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2001 - Rayid Ghani

The New York Times has hailed Rayid Ghani as Obama’s “secret engine” for re-election.  As Chief Data Scientist, Rayid Ghani invented algorithms to help target voters about the presidential candidates. Ghani and the analytics team broke down the goal of 270 electoral votes into problem sets to answer questions like: who are the swing voters, how do you target each swing voter specifically and how do you mobilize your voters to the voting booth on Election Day?  His team’s work resulted in a list of tens of millions of targeted names and a strategy to optimize their volunteers and funds in the most efficient and effective way. He targeted young voters by encouraging them to sign into the Obama campaign website through their facebook accounts and accessed their social networks to identify persuadable friends. He then encouraged Obama voters to share their Obama pitch with their ten most persuadable facebook friends.

 
Before joining up with the campaign, Ghani never thought of working in the political arena.  Without a set plan, Ghani left Accenture Labs after 10 years as a Senior Research Scientist and Director of Analytics Research seeking a fresh opportunity where he could have big social impact. He had no idea how big until a few connections in Chicago recruited him for the position of Chief Data Scientist for Obama’s presidential re-election campaign. At a basic technical level, the data gathering, analyzing, and conclusion process was similar to his work at Accenture Labs, but the steep ramp up of the campaign was unlike anything he had experienced before. Within a year and a half, he helped build a team of workers and volunteers that grew exponentially, the constant organization of which became one of the hardest challenges. It was a significant commitment, with long hours—up to 20 hours a day, 7 days a week at the final push--with an aggressive deadline where failure meant national, even global, repercussions. Conversely, seeing everyone coming together, sacrificing time and effort for one committed cause also became Ghani’s greatest inspiration.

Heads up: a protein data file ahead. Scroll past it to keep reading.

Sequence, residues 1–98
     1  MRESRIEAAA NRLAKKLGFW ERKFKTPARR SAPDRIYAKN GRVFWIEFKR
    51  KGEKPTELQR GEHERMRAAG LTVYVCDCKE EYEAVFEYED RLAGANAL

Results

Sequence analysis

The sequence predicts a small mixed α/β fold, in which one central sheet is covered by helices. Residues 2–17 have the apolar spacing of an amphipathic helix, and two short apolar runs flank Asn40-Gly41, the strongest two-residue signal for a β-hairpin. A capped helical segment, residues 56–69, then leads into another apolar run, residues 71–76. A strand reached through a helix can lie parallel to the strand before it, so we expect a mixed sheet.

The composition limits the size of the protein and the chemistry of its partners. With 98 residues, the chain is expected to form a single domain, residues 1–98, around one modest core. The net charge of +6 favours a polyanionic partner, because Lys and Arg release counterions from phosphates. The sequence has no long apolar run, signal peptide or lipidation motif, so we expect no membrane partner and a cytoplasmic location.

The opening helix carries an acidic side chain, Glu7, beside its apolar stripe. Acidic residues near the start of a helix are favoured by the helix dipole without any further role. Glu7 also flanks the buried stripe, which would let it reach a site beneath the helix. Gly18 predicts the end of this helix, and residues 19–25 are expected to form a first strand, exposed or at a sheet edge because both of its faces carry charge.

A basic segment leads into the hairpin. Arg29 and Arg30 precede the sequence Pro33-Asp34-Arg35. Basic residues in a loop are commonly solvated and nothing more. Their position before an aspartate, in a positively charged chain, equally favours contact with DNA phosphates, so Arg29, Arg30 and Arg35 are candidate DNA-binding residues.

Currently, Ghani and some campaign colleagues are modifying the data analysis tools they used in the campaign to help nonprofits. As Ghani indicates, nonprofits collect the data, but lack the resources to take advantage of the useful conclusions that can be gathered through analysis. He hopes that he and his colleagues can create better resources for non-profits to utilize their volunteers, find more volunteers, and magnify their outreach, which will in turn help them make the most of their funds. Rayid has also joined the University of Chicago at the Computation Institute and Public Policy School to work at the intersection of analytics and high-impact social problems.
Ghani received his M.S. in Knowledge Discovery & Data Mining at Carnegie Mellon in 2001. He has over 50 academic publications, 15 patents filed (seven awarded so far), and 2000 citations in journals, conferences, and workshops. His work has been highlighted by Time, The New York Times, Slate, Business Week, Financial Times, Chicago Tribune, US News & World Report, and NBC.